While the Kia brand remains best known for its affordable cars, its vehicles have increasingly added the ingredient of extra refinement, style and build quality as well. Since 2015, Kia has even sold a $60,000-plus luxury sedan, the K900.

But the Korean car maker never mastered driving dynamics — a more-complex engineering exercise than a long list of standard features or an attractive dashboard. While a number of Kia models have offered a comfortable ride-quality and/or powerful engines, none were pulling off a thoroughly sporty driving experience.

That has changed with the new 2018 Kia Stinger. It’s an all-new midsize five-door liftback with a choice of rear-wheel-drive or all-wheel-drive and up to 365 horsepower. Unlike Kia models that are value alternatives to a Toyota or Chevrolet, the Stinger more closely challenges luxury sports sedans from Audi and BMW, as well as high-powered, mainstream-brand sedans like the Dodge Charger and Nissan Maxima.

Priced from $32,800, with a long list of standard features, the Stinger offers generous interior space and high-grade driving refinement — for driving enthusiasts. It’s also styled to turn heads, especially from the rear end, where the slim slip of a taillight wraps all the way around the back of the car.

The base Stinger has a 2.0-liter turbocharged four-cylinder engine, with 255 horsepower and fuel economy of 25 miles per gallon in mixed driving. That’s in line with a fully-loaded, midsize family sedan like the Honda Accord, Chevrolet Malibu or Kia’s own Optima.

But the tested GT models (priced from $39,250) use a turbocharged 3.3-liter V6, which adds to the Stinger’s appeal as a performance bargain. It rips toward high speeds with user-friendly tenacity, and without the wake-the-neighbors roar of a V8-powered affordable performance car like a four-door Dodge Charger or a two-door Ford Mustang. Gas mileage drops to 21 mpg, though the tested car edged out that rating to manage about 22 mpg in mixed driving. All Stingers request premium fuel.

Whether you choose the merely quick acceleration of the base Stinger or the ferocious V6, every Stinger benefits from uncommonly delightful steering and handling — not just for a Kia, but for any four-door car at nearly any price.

The Stinger responds remarkably quickly to inputs, and the car feels almost glued to the road as you whip the steering wheel back and forth. It’s a rare balance of driving engagement with reassuring composure. Too many premium-performance cars isolate the driver from the road, achieving performance without true fun. The Stinger does it all.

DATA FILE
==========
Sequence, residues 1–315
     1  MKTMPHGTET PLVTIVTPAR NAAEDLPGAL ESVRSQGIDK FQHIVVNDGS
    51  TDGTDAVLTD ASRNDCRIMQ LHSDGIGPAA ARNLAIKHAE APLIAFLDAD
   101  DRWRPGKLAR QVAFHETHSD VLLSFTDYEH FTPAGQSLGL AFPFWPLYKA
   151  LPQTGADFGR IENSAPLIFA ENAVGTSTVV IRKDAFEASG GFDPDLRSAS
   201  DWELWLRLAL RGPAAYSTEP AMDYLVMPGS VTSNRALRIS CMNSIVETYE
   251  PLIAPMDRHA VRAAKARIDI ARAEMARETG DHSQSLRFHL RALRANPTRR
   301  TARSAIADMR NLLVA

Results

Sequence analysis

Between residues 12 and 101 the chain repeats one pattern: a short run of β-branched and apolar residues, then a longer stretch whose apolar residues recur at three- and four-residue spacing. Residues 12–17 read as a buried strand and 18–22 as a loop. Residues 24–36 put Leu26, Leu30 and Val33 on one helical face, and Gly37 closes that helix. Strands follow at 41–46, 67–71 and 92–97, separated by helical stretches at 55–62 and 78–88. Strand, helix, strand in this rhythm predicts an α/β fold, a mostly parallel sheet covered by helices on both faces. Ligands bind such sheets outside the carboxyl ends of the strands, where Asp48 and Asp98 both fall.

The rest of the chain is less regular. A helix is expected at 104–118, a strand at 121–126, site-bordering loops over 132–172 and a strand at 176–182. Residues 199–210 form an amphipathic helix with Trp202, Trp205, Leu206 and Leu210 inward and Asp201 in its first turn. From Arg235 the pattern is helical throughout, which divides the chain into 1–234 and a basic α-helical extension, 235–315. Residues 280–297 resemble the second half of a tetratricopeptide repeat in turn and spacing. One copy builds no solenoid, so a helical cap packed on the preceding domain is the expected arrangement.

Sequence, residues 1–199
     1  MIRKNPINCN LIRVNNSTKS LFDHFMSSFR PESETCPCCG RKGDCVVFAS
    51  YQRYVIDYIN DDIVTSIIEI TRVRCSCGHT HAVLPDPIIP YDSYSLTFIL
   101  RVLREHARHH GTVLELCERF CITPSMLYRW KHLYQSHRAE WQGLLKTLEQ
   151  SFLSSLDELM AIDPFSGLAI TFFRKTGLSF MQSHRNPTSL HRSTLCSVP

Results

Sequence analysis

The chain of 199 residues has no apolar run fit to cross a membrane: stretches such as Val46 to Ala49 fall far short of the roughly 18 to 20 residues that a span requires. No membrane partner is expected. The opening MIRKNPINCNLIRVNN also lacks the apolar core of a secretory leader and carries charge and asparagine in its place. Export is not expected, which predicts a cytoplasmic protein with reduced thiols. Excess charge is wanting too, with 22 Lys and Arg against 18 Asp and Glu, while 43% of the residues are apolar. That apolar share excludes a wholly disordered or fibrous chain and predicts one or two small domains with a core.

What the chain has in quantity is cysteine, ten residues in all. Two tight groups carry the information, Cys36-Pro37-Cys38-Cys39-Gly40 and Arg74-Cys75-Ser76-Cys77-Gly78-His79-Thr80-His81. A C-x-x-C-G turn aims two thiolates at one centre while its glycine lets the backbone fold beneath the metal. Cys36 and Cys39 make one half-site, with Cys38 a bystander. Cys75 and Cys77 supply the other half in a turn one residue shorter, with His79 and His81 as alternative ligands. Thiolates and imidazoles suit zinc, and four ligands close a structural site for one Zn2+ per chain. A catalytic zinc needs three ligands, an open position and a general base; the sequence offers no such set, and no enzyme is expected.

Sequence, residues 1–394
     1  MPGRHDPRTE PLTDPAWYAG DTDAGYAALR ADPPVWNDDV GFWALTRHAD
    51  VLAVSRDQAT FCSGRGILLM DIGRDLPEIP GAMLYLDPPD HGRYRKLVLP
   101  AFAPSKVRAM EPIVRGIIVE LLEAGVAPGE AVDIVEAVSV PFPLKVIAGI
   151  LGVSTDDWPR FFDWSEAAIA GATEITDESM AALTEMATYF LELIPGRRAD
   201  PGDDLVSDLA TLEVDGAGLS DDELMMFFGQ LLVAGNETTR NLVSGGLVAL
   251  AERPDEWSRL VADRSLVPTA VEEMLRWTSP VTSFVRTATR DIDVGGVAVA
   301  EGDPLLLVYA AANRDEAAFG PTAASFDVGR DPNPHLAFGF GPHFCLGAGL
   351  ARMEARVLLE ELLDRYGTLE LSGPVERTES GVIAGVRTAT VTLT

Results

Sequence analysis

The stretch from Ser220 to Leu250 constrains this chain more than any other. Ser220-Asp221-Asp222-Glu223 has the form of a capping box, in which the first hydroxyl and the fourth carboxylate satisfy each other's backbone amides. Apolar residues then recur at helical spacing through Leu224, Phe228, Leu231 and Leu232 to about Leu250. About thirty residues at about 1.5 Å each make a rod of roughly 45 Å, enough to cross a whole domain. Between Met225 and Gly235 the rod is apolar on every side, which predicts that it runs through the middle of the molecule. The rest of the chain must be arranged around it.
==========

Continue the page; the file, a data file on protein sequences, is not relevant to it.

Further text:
Moreover, it’s a rare big car that sheds all of its bulk on a winding road, meaning you get the interior space of a larger vehicle, yet the exhilarating performance of a light, lithe compact.

You don’t have to love a sporty driving experience to want the Stinger, but that’s where you’ll find its greatest strengths. Like other Kia models, it provides lots of luxury features for the money. And its hatchback versatility means you can fit bulky items more easily than in a sedan. Furthermore, impressively for a performance-minded vehicle, the ride quality is still respectably quiet and smooth, albeit firm.

However, the interior feels more like a moderately upscale mainstream car — again, like the Charger or Maxima, or perhaps a Chevrolet Camaro — than a discounted Audi. The dashboard looks like that of a sports car, especially with the tested red-leather upholstery, but less like a luxury car’s. Moreover, there are lots of parts sprinkled in from lower-end Kia models. You can find a smoother, quieter ride at this price point if that’s your preference.

Meanwhile, a slightly smaller and more conventionally styled sedan from fellow Korean brand Genesis — using the same mechanicals as the Stinger — is hitting dealerships soon. It’s called the G70.

But it’s impossible to overlook the Stinger’s dynamic achievements, especially given that the car has no glaring flaws to detract from that appeal. If you’re interested in a premium sports sedan and are willing to trade a bit of premium for a lot more performance — at a compelling price to boot — don’t miss the new Stinger.

Visit tinyurl.com/stinger-sentinel to see more photos of the tested 2018 Kia Stinger.

Brady Holt is a member of the Washington Automotive Press Association.



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